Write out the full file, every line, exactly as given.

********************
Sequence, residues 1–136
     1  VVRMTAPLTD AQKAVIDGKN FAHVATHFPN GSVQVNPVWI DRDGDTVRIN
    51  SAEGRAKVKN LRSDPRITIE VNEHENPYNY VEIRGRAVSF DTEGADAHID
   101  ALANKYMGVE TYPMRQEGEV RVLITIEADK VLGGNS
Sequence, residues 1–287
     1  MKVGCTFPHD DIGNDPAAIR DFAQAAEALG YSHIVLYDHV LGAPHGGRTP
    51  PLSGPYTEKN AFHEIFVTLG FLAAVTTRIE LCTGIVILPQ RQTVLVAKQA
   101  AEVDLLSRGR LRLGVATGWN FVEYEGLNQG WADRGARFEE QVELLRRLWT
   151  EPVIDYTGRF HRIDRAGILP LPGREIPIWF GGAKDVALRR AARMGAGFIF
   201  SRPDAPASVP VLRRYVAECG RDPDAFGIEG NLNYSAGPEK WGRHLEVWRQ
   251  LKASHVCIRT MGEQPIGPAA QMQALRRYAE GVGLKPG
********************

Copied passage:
Sequence, residues 1–136
     1  VVRMTAPLTD AQKAVIDGKN FAHVATHFPN GSVQVNPVWI DRDGDTVRIN
    51  SAEGRAKVKN LRSDPRITIE VNEHENPYNY VEIRGRAVSF DTEGADAHID
   101  ALANKYMGVE TYPMRQEGEV RVLITIEADK VLGGNS
Sequence, residues 1–287
     1  MKVGCTFPHD DIGNDPAAIR DFAQAAEALG YSHIVLYDHV LGAPHGGRTP
    51  PLSGPYTEKN AFHEIFVTLG FLAAVTTRIE LCTGIVILPQ RQTVLVAKQA
   101  AEVDLLSRGR LRLGVATGWN FVEYEGLNQG WADRGARFEE QVELLRRLWT
   151  EPVIDYTGRF HRIDRAGILP LPGREIPIWF GGAKDVALRR AARMGAGFIF
   201  SRPDAPASVP VLRRYVAECG RDPDAFGIEG NLNYSAGPEK WGRHLEVWRQ
   251  LKASHVCIRT MGEQPIGPAA QMQALRRYAE GVGLKPG